Norse Atlantic Airways – The Cautious Viking

During Covid, Norwegian had to cease long-haul operations entirely in 2021, as it needed to shrink dramatically in order to save itself during the pandemic. Today Norwegian is a European low-cost carrier again, flying solely Boeing 737s. But Norwegian’s pain was Bjørn Tore Larsen’s gain: “We emerged from the pandemic, as Norwegian and many other companies had to exit long-haul flying. There were very few operators in a position to take on long-haul aircraft, this was a golden opportunity for us. Industry insiders report that Larsen was able to lease the grounded Boeing 787s for half the usual market price. He immediately realized this was a unique bargain, similar to Ryanair CEO Michael O’Leary, who stocked up on his Boeing 737 fleet on the cheap after 9/11.

It was a risk for Bjørn Tore Larsen being a novice in the airline industry. The 56-year-old self-made entrepreneur became wealthy as the founder of OSM Maritime, one of the global market leaders for ship management, employing over 30,000 people worldwide. But Larsen admits to his great love to fly general aviation airplanes, he even holds a pilot’s licence for the Boeing 747, though he never flew a real one.

“I am new in leading an airline, I have never worked in an airline or for one before,” he concedes. But Larsen surely learnt his lessons from Norwegian’s predicament. “We are acting cautiously and don’t want to over-expand prematurely, so as not to have greater growth than we can handle,” he says. “Anyone knows it’s close to insane starting a new airline, at least it’s a good way to lose very, very much money,” he stated on starting operations. “But I believe there is an entrance to the market that can be attractive if it’s done the right way. I am convinced we can do it in a way that customers are satisfied with and we are profitable.”

Norse Atlantic Airways launched its maiden flight on June 14, 2022, on the route from Oslo to New York JFK, with Orlando and Fort Lauderdale in Florida, as well as Los Angeles, becoming the next destinations. Slightly later Norse started services from London-Gatwick to JFK as well, initially as an intermediate stop on the way from Oslo to New York, from May its now-certified British-registered affiliate Norse Atlantic UK will take over and launch flights to Orlando and Fort Lauderdale as well. In August 2022 Norse also started flying from Berlin to New York daily plus operating three weekly services to Los Angeles, with the latter, only lasting for two months, however.

The actual offering of Norse Atlantic Airways seems very familiar. An online check reveals flights from London to New York in March start with fares of US$253 one way, but it just includes a small piece of carry-on fitting under the seat and water as the only inflight service. All else has to be paid for separately, and in the end, the total price including meals and checked luggage is often not even much cheaper than fares on legacy carriers, especially on a route like London to New York. Even more familiar are the aircraft cabin configurations Norse offers, identical to what Norwegian had – as all 15 aircraft came from the predecessor. Currently the new airline flies ten of them, divided between the bases in Oslo and London, five others are on lease to Spanish carrier Air Europa until 2024.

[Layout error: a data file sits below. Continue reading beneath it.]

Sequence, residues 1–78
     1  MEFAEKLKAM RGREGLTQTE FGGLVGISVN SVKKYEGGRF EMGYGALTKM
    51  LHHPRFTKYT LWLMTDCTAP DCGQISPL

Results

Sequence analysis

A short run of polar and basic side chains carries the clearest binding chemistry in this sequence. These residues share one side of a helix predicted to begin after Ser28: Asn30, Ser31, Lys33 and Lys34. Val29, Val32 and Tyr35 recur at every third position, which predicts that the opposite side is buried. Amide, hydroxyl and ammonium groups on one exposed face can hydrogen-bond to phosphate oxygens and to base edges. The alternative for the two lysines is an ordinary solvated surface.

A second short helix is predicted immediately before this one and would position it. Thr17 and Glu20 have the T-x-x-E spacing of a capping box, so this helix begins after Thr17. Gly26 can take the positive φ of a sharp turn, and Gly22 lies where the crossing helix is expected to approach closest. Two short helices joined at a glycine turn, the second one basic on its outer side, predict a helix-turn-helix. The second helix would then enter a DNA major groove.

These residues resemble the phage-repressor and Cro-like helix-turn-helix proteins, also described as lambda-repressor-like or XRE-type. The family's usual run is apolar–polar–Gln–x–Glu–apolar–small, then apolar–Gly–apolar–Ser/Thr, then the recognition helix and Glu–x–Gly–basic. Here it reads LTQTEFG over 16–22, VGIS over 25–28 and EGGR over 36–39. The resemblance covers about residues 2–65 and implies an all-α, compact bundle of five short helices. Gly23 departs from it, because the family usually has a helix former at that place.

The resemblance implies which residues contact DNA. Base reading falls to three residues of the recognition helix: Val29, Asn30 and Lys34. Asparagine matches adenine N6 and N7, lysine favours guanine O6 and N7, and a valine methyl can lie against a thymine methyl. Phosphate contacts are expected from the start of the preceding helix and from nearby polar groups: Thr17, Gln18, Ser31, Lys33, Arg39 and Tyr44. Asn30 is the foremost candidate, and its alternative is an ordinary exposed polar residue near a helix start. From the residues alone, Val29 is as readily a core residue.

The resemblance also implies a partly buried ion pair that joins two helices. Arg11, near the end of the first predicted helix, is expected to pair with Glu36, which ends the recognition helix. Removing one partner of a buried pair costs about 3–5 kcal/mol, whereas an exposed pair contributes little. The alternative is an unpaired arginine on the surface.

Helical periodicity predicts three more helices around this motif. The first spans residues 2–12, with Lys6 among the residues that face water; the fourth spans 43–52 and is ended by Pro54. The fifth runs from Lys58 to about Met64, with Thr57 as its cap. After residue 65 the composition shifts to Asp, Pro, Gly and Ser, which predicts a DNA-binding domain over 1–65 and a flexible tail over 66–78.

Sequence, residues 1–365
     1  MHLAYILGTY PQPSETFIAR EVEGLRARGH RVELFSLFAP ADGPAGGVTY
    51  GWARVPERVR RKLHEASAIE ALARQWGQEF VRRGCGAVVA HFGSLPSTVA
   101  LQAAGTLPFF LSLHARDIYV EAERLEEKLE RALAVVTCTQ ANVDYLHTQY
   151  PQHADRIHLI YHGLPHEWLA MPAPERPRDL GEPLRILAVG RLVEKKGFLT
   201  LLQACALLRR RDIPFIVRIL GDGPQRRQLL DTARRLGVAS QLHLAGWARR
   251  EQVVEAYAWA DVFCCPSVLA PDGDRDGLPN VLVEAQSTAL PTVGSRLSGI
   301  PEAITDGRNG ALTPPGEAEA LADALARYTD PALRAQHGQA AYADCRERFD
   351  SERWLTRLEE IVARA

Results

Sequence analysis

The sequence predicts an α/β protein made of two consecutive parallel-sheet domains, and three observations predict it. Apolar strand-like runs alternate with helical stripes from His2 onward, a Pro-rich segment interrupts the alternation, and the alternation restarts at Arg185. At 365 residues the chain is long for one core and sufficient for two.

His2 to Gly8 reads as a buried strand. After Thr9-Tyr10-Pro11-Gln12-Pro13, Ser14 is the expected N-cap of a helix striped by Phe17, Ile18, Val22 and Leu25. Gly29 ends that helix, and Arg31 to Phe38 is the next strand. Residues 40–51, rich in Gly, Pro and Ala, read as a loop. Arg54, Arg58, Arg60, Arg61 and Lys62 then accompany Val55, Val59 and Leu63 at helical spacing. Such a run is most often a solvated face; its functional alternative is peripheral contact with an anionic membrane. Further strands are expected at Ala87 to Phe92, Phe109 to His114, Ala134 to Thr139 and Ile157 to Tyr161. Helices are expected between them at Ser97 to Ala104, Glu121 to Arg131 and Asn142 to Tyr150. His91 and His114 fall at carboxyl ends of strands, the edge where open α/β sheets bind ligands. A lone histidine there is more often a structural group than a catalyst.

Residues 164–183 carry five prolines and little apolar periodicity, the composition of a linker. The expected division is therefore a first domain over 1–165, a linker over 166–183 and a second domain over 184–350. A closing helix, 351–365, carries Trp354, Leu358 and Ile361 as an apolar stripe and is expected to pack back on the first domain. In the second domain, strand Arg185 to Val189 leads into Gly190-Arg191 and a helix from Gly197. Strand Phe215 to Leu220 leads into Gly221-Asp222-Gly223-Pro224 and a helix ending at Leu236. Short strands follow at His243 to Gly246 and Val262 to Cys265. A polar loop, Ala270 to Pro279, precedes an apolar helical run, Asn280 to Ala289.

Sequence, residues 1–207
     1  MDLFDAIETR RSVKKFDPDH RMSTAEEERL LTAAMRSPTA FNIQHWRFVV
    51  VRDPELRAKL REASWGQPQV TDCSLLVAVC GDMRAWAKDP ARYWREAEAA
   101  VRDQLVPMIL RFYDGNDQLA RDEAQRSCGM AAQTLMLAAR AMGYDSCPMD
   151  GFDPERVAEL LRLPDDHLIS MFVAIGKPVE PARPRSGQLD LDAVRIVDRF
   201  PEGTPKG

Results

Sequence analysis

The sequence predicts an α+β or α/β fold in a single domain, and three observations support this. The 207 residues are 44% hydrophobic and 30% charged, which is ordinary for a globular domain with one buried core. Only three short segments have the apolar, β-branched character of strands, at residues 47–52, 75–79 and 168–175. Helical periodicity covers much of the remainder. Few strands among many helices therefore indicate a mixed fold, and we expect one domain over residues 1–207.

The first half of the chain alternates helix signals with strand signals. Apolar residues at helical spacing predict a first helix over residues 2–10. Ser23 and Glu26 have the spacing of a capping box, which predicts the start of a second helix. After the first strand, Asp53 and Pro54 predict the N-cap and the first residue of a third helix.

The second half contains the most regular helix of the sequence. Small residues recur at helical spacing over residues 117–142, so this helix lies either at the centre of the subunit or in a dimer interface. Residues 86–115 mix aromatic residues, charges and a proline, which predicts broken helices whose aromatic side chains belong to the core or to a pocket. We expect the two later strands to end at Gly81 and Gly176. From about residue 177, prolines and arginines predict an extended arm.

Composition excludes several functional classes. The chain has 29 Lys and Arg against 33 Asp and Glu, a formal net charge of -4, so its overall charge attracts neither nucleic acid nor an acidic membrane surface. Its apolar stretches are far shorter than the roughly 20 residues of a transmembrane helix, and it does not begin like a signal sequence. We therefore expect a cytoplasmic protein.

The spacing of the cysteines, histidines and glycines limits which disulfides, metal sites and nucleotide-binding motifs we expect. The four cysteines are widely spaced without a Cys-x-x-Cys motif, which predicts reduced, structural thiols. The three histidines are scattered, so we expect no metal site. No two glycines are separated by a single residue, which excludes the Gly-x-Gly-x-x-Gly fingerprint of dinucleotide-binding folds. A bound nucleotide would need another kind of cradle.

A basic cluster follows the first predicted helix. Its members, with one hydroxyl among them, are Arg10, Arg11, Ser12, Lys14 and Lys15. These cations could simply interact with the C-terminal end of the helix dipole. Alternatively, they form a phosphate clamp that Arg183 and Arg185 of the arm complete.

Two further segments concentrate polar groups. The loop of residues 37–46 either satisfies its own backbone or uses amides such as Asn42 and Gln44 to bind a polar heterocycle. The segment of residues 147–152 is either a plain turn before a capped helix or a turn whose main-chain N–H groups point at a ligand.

Inside, the cabins offer 56 Premium seats in the front in 2-3-2 configuration and a pitch of 43” (109 cm), much more than most legacy carriers boast in their respective Premium Economy product. In the back, there are 282 Economy Seats in 3-3-3 configuration. Norse’s branding uses the Viking motif, with aircraft using the callsign “Longship” and the current TV ads comparing the harsh conditions on Viking’s ships with today’s amenities of flying. Most reviews so far have praised Norse as a mature low-cost product.

Staying focused on one market niche and a single aircraft type without constant expansion pressures, that’s how one could describe Norse’s concept. Bjørn Tore Larsen has nevertheless set high benchmarks: “In the second half of 2023 we want to be profitable, we’ll get there slowly and very focused. For us, it’s essential to grow in a controlled manner and to earn money with our aircraft, instead of parking them.” In the slower northern winter season, Norse flies charters for tour companies to the Caribbean and Thailand as well as military charters for the Norwegian Army and the US Marines. In its own route network the airline so far sticks strictly to its niche of transatlantic flying from Europe to US hubs. As low-cost long-haul capacity on the route is dramatically less now than before the pandemic, Norse feels it is in the right place at the right time. “It’s never a disadvantage to have low costs and a fabulous product, when you board our aircraft it doesn’t feel low cost,” insists Larsen. And adds: “Success means to survive, and that would be already a big success for us.”

The post

Norse Atlantic Airways is indeed the cautious Viking and one of Bjørn Tore Larsen’s biggest challenges is to explain why his company is different, over and over again.

In 2022, he started the low-cost long-haul airline Norse Atlantic Airways, flying exclusively transatlantic routes from Europe to the US. As he did so by taking over 15 Boeing 787-9s formerly in service with Norwegian Air Shuttle, and as he was involved in Norwegian by providing crews to them through his company, today he needs to do a lot of clarification.

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Source:: AirlineRatings.Com

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